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Park redesign delayed by concerns over dogs, historic building

Original post made on Apr 27, 2013

When Palo Alto broke ground in October 2011 on construction of an underground reservoir at El Camino Park, the goal was to complete the work and have the park re-opened to sports teams by this summer.

Read the full story here Web Link posted Friday, April 26, 2013, 12:00 AM

Comments (10)

Posted by Warren Wonka, a resident of another community
on Apr 27, 2013 at 9:43 am

Why doesn't Arrillaga build his complex on the other side of El Camino - at Palo Alto and Quarry.


Posted by Craig Laughton, a resident of College Terrace
on Apr 27, 2013 at 10:41 am

>Why doesn't Arrillaga build his complex on the other side of El Camino - at Palo Alto and Quarry.

Why doesn't Palo Alto get over its obsession with old buildings, especially those designed by noted architects? The building in question is a watering hole (booze) that is not of the original meaning a hostess house (return and reunion of WWI soldiers with their families). It was moved to its current site from Menlo Park. There is no way that we should be supporting its continuation, if it means that we have to give up playing fields.


Posted by Not an issue, a resident of Community Center
on Apr 27, 2013 at 10:55 am

People in obsessed with " historic" buildings, especially if a "pseudo famous" name is attached-- hence the Le affair with the hostess house and anything connected with Eichler. You would have thought that the city would have learned something from the slap,on the wrist administered by the voters a decade ago when they rejected the historic home grab. Unfortunately the architect behind that is on the council and she still has her blinders on


Posted by Return it to Menlo Park, a resident of Midtown
on Apr 27, 2013 at 11:34 am

We should return McArthur Park (Hostess House) to Menlo Park and let them find a place to put it, after all it was their's in the first place. Let's have Arrillaga pay for the relocation.


Posted by Craig Laughton, a resident of College Terrace
on Apr 27, 2013 at 12:23 pm

>You would have thought that the city would have learned something from the slap,on the wrist administered by the voters a decade ago when they rejected the historic home grab

It was more than a slap on the wrist, it was a grenade thrown into their nest. The people spoke.

It sounds like the Barron Park people are speaking.

Will our city council continue to listen to PAHC, or will they listen to the people?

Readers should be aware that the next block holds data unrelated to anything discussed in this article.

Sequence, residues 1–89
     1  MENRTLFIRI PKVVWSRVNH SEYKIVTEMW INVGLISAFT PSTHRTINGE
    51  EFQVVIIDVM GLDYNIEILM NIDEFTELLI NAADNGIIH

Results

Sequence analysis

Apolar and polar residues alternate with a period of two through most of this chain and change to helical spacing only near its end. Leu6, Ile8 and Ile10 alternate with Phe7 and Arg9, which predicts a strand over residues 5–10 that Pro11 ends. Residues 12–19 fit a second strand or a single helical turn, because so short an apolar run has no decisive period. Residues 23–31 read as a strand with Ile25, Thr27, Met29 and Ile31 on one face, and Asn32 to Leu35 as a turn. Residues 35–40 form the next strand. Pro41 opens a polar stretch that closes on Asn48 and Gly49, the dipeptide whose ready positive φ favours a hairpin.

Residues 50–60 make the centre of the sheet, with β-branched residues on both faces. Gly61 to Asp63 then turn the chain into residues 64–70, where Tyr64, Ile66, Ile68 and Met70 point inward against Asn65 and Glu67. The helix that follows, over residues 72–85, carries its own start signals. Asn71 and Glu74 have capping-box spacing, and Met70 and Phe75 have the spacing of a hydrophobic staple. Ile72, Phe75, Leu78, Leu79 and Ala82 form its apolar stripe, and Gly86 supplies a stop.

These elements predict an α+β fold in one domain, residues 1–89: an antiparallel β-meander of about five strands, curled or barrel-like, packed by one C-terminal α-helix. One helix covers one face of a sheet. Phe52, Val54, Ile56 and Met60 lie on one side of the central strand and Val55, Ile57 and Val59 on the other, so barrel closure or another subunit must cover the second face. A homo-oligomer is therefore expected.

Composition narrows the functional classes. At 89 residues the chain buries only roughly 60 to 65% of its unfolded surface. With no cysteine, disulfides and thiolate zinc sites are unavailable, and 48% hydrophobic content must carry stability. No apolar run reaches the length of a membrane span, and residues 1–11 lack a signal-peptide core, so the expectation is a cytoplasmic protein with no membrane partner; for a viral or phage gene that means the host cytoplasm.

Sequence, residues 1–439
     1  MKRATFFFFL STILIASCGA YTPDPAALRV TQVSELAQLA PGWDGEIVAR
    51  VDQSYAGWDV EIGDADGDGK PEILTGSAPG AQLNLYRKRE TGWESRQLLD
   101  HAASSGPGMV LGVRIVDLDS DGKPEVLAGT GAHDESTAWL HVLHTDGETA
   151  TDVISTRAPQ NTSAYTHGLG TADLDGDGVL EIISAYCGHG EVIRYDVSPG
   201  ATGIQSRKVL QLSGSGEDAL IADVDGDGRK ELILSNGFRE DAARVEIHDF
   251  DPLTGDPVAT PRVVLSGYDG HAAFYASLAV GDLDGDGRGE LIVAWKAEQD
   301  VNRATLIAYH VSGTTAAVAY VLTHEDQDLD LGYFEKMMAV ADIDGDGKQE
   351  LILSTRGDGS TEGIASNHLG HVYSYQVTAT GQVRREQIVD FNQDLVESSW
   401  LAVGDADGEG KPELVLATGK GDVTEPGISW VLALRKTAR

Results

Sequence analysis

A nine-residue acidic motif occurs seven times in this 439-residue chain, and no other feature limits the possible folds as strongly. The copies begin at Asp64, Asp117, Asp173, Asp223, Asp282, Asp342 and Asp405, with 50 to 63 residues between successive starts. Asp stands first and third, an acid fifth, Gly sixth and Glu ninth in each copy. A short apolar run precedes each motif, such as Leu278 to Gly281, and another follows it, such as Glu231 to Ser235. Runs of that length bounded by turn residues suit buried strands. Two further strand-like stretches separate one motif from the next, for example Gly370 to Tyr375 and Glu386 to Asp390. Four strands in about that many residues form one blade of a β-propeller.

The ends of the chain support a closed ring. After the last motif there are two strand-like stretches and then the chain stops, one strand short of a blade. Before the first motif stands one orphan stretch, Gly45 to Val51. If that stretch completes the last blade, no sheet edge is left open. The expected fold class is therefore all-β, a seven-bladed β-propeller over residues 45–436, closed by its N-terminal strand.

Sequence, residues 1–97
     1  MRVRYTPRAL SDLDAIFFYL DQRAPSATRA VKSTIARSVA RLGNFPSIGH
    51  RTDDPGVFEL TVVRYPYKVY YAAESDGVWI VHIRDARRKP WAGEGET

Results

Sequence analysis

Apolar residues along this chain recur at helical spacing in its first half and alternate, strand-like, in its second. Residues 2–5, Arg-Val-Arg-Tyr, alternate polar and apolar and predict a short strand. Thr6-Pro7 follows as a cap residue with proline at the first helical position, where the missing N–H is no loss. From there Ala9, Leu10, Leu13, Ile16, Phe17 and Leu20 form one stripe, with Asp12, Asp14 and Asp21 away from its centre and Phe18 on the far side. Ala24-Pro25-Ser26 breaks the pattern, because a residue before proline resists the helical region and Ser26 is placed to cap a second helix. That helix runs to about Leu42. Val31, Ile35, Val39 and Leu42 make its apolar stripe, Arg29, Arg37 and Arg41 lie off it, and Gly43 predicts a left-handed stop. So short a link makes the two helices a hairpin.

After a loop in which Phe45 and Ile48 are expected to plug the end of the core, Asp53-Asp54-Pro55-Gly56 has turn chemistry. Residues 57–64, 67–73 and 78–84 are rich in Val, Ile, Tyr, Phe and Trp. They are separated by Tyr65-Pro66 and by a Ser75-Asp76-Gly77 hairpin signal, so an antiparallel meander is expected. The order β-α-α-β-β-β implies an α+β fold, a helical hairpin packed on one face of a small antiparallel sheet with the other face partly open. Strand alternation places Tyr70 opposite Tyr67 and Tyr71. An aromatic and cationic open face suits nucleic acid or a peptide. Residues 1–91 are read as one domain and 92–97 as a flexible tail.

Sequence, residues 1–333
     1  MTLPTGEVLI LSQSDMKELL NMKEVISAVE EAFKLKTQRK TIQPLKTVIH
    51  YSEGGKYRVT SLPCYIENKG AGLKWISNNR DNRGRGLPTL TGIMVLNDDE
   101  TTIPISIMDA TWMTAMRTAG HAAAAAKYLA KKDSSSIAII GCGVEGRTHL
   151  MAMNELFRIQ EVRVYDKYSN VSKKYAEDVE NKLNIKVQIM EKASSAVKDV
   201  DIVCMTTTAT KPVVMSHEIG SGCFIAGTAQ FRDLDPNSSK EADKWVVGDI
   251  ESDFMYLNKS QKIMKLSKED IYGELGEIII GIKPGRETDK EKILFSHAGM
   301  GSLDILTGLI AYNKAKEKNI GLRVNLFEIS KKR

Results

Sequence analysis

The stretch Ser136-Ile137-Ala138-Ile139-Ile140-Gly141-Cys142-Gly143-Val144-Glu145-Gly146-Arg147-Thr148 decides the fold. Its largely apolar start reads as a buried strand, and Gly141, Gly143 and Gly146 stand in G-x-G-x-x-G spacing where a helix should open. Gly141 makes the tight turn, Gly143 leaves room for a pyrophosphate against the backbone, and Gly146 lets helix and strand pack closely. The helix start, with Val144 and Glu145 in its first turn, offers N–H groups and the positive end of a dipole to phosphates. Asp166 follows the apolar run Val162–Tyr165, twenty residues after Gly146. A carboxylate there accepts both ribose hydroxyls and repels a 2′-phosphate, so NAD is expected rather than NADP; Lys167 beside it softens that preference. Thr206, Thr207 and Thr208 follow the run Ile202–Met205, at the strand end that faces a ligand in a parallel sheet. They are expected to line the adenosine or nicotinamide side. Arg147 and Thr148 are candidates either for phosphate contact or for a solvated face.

Posted by Try Google, a resident of Community Center
on Apr 27, 2013 at 11:11 pm

Not an Issue, your ignorance is embarrassing. The architect was Julia Moran, a very famous architect. Among other buildings she designed the Hearst Castle. Surely you have heard of that?
A quick Google search will enable you to find out what you are missing.


Posted by Not an issue, a resident of Community Center
on Apr 28, 2013 at 12:18 am

Try google-- just because she designed Hearst castle does not mean that the hostess house is anything special. It is not an original palo alto structure and it has been used as a restaurant-- hardly a fitting use for such a " historic" building. What s ignorant is believing that because it has a certain name (and don't you think Hearst castle s a little overdone?) attached to it makes it historic or special-- but I understand, as a palo alto resident you ave to feel special by elevating structures to " historic" status


Posted by Crescent Park Dad, a resident of Crescent Park
on Apr 29, 2013 at 12:04 pm

Not: I agree with your theory in most respects. For example, the Eichler zealots and the Edgewood Shopping Center was a ridiculous time waster. Thankfully the project is getting done.

However in the case of the Hostess House, there's more than just the architect. The house was built for a specific purpose back in the day --- and there's some honor in that; which should not be so easily dismissed. At least that's my opinion.

Baron Park is not the place. Off the beaten path and not readily seen or accessed by most Palo Altans or the general public. It is a building meant for use by the public (whether its original intent or as a restaurant to day). Hiding it off in a corner of Baron Park is not the answer --- besides, the anti-neighborhood-traffic folks would have a problem with it as well.


Posted by curmudgeon, a resident of Downtown North
on Apr 30, 2013 at 4:02 pm

"You would have thought that the city would have learned something from the slap,on the wrist administered by the voters a decade ago when they rejected the historic home grab."

Maybe it's time to revote that thing. Maybe attitudes have changed in the past dozen years -- think of gay acceptance for example. Maybe people have seen enough of the alternatives (think 800 High, Elks, JCC, etc.) to vote FOR protecting our city's character. How about it?


Posted by Return it to Menlo Park, a resident of Midtown
on Apr 30, 2013 at 5:17 pm

Downtown North neighbor says: "Maybe it's time to revoke that thing." The Historic Ordinance which was defeated some ten years ago had the potential to historically preserve all original houses and neighborhoods that were 50 years or more old. In other words your house could not be altered, enlarged or rebuilt. It would be stuck in a time warp.

If that ordinance was enacted today it would put a huge hole in our escalating property values. As it is homes that are now saddled with "single story overlay" are losing value compared with homes in neighborhoods that allow two stories to be built. Realtors must disclose if your house is limited by "single story overlay."


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